Lecture at Army Training Command, Shimla on how best to train senior leadership of army
Presentation to top army trainers at Army Training Command, Shimla on Leadership training

With top leadership of Army Training Command, Shimla

Complicated is actually not so complicated. In it, things are complicated, but predictable. In a clock mechanism, there are wheels within wheels and it takes an expert to be able to unravel that. However,  all clock maker get to master it easily.  This is so because despite the numerous connections, a person with knowledge can easily predict what will happen when he does something to a wheel.
On the other hand, complex is much more complex. There is no/low predictability. If you hit me today, I may offer you the other cheek. However, next time the result could be quite different. My internal wheels i.e.  emotions, keep changing all the time.
It is indisputable that top leaders have to operate more in the complex domain than the complicated domain. In that, the sense is not easily seen against the din of noise. Sense has to be generated.
Sense is not so apparent because human and business affairs do not follow certain assumptions, as under –

  • The assumption of order – that there are underlying relationships between cause and effect in human interactions and markets, which are capable of discovery and empirical verification
  • The assumption of rational choice – that faced with a choice between one or more alternatives, human ac- tors will make a “rational” decision based only on minimizing pain or maximizing pleasure;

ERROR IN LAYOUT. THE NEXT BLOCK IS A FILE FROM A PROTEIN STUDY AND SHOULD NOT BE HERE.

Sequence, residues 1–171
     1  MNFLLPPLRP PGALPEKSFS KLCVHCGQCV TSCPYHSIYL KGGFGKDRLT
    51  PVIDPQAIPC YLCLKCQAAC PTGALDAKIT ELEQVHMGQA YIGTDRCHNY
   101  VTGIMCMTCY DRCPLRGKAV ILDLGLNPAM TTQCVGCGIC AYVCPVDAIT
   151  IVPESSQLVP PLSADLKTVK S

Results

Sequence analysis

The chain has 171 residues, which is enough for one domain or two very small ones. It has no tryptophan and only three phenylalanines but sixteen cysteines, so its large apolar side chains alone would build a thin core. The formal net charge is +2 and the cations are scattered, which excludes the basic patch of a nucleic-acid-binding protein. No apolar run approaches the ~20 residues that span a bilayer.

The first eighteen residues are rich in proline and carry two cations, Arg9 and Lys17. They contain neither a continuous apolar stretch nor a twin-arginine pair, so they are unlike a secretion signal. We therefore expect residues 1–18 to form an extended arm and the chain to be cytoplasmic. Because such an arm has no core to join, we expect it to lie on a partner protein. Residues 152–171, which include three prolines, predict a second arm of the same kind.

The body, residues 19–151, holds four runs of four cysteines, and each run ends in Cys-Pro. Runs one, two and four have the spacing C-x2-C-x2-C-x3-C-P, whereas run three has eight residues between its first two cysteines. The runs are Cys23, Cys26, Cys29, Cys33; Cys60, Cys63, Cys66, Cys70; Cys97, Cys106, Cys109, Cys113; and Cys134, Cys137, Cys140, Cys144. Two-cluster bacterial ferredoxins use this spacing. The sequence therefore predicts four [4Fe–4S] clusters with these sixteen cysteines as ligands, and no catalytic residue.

• The assumption of intentional capability – that the acquisition of capability indicates an intention to use that capability, and that actions from competitors are the result of intentional behavior.

In effect, we assume that every “blink” we see is a “wink,” and act accordingly. We accept that we do things by accident, but assume that others do things deliberately.
This is best explained by the Cynefin  complexity framework.

It sorts the issues facing leaders into five contexts defined by the nature of the relationship between cause and effect. Four of these—simple, complicated, complex, and chaotic—require leaders to diagnose situations and to act in contextually appropriate ways.
Can leaders be trained to take decisions in all 4 scenarios? Of course.
In any case, this training is critical. It is not just a ‘good to have’. They just have to have this empowerment.
Let us train your top leaders in this ‘must have’ skill.

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